These days, it’s blue skies for podcasters, with more interest in audio storytelling than ever before. Over at Audiocraft HQ we get a lot of questions about making a podcast so we’ve spoken to our favourite producers and adapted insights shared at sessions from the Audiocraft Conference to create this guide.
From coming up with the initial idea to recording, editing, publishing, and everything in between, we’re going to take you through the essential steps in launching a podcast of your own.
Everything you need to know about taking your idea and launching it into the world.
Pictured: Eric Nuzum at Audiocraft Conference 2017. Photo by Bryce Thomas.
What makes a good podcast?
Although there isn’t a formula that exists for a sure-fire podcast hit, there are a few key things some of the most successful podcasts have in common. Audible’s Eric Nuzum has a podcasting trifecta. He says that a great podcast should have 1) a compelling story or idea, 2) engaging characters and 3) a unique voice. He also suggests you nut out ten words that describe your podcast, and revisit those words regularly. This gives clarity and focus on what your podcast is about and who it is trying to speak to.
Caitlin Thompson, Acast’s US Content Director, has a similar philosophy. She says you need 1) an interesting topic, 2) a compelling host, and 3) a compelling format. Satisfy two of the three, and you can be forgiven for what’s lacking.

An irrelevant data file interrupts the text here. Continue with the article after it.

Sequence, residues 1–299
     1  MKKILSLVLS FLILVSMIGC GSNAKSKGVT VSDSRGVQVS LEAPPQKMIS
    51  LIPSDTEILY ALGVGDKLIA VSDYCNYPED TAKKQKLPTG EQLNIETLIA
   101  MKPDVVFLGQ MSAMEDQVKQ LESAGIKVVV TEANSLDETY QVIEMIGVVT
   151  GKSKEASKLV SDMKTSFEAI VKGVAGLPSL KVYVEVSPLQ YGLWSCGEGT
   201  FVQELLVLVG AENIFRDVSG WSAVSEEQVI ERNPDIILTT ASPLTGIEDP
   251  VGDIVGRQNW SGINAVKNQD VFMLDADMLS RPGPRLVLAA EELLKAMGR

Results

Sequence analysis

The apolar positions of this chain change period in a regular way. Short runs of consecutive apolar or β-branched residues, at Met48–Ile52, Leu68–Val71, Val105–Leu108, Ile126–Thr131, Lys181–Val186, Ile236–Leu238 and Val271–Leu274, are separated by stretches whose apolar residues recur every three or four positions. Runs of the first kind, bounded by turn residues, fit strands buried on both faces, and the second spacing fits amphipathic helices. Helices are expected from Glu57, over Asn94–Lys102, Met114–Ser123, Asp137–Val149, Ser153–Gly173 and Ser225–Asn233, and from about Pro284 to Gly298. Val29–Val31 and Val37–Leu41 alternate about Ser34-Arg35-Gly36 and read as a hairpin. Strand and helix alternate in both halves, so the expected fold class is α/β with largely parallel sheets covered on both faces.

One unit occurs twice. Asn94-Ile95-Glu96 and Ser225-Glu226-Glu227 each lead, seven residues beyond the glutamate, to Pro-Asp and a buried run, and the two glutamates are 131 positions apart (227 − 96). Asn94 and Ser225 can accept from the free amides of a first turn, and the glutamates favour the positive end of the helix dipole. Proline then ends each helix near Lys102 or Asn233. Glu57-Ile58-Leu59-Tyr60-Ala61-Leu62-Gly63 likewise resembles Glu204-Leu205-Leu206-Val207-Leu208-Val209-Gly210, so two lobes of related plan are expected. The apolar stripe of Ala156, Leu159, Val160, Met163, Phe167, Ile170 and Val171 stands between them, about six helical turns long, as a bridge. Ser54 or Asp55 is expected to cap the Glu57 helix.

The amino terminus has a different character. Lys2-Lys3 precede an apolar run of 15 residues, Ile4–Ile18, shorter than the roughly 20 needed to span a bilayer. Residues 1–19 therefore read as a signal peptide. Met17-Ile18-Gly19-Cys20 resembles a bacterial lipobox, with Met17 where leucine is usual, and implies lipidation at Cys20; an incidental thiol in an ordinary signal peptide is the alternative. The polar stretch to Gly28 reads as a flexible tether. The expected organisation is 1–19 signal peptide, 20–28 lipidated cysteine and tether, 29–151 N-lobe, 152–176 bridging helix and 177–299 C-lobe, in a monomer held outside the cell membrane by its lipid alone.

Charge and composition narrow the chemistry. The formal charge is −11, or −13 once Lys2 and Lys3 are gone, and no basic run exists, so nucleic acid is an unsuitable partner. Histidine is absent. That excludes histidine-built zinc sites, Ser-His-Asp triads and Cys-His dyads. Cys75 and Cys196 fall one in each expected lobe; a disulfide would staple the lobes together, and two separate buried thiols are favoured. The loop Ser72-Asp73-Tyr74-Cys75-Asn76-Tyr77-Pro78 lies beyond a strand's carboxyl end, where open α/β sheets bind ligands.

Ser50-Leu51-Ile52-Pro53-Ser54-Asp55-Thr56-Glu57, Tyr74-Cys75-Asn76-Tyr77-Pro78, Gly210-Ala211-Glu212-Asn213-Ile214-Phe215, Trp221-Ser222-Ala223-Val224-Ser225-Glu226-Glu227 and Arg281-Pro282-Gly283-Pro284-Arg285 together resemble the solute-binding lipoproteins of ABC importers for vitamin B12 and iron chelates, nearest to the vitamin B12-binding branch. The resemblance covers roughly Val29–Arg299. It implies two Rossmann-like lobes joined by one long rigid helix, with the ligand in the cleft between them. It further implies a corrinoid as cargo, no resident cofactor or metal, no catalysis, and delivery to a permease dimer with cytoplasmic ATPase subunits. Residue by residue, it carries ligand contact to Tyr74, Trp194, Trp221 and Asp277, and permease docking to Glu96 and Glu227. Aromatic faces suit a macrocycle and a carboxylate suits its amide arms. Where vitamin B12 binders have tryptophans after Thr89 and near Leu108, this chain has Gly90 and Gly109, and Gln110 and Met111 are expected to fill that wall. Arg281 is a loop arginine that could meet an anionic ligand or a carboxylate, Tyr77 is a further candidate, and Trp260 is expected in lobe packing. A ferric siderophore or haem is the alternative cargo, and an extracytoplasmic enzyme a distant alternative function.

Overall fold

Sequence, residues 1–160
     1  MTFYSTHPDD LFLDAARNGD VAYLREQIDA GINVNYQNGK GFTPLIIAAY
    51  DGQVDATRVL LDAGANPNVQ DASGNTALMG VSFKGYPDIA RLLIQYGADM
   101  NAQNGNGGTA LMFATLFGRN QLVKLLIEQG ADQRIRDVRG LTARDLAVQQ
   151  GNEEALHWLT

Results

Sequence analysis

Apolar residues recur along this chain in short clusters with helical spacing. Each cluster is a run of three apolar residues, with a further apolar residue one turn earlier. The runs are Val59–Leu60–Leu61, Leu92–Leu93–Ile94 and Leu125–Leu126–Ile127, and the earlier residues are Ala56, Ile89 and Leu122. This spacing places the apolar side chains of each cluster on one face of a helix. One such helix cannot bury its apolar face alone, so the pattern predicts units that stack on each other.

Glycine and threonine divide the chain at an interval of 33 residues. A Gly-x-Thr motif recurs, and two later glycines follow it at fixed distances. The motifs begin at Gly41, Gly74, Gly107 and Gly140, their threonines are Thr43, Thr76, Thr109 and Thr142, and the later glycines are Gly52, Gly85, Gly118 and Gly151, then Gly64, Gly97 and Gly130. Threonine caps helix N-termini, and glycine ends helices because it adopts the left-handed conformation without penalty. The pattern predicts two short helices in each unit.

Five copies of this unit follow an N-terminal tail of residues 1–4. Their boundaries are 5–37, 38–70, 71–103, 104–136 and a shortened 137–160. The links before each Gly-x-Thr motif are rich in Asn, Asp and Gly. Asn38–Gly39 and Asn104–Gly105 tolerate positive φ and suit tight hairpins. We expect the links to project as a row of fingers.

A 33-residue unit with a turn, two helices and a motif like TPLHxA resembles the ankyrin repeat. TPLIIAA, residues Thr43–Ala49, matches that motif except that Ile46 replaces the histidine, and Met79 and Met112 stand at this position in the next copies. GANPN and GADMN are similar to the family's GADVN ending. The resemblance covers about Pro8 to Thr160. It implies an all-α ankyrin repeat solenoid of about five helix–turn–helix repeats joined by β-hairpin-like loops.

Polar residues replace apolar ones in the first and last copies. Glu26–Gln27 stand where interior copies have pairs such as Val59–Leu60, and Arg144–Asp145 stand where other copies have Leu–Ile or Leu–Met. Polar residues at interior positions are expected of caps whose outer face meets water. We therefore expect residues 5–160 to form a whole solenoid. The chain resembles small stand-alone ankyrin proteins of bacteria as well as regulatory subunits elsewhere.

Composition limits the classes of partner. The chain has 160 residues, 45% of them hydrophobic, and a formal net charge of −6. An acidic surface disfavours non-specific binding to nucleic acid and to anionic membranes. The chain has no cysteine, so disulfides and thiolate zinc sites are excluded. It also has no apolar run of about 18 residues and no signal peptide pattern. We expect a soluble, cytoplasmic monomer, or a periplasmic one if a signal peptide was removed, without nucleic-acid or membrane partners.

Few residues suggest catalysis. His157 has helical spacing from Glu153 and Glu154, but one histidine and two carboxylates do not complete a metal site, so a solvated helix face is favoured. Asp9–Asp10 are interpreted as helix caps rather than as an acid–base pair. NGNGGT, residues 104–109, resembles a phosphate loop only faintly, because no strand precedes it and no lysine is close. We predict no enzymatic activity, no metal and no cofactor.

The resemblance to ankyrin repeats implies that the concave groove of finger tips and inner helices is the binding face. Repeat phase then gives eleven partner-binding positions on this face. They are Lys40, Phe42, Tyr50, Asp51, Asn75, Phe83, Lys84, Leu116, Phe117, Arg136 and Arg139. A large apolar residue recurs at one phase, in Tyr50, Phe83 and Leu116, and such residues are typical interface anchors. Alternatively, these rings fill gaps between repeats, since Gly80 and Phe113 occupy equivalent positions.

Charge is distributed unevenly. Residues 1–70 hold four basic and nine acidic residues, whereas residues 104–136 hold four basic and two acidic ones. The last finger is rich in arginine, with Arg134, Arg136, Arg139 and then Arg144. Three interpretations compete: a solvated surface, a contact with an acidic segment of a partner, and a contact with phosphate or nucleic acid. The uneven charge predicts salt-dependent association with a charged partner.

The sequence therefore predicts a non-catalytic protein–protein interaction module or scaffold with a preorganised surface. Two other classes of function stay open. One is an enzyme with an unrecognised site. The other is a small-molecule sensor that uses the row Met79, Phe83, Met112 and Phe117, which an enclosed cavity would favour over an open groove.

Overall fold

How long should my podcast be?
The duration of your podcast should really be determined by the content, meaning it should be as long as is needed to get your idea or message across. You could also consider adopting a day-parting approach, says Caitlin Thompson. This means tailoring the length to what you imagine your ideal audience will be doing while they’re listening to your podcast, whether that’s chores, exercise or the commute.
What are some things to consider in a podcast release schedule?
Consistency is key when it comes to building your audience so whether you settle on a weekly, fortnightly or monthly release, the important thing is you’re publishing on time. It helps to create a production plan you’re able to commit to and set deadlines for yourself, suggests Kaitlin Prest of The Heart fame.
Pictured: Stephen Tilley at Audiocraft Conference 2017. Photo by Bryce Thomas.
What equipment do I need to make a podcast?
As an award-winning sound engineer and producer, ABC’s Steven Tilley gets a lot of tech questions thrown his way. When it comes to what gear to invest in, there is no real definitive answer and it depends on a bunch of factors: where you’re recording, what you’re trying to record, and how much you’ve got to spend.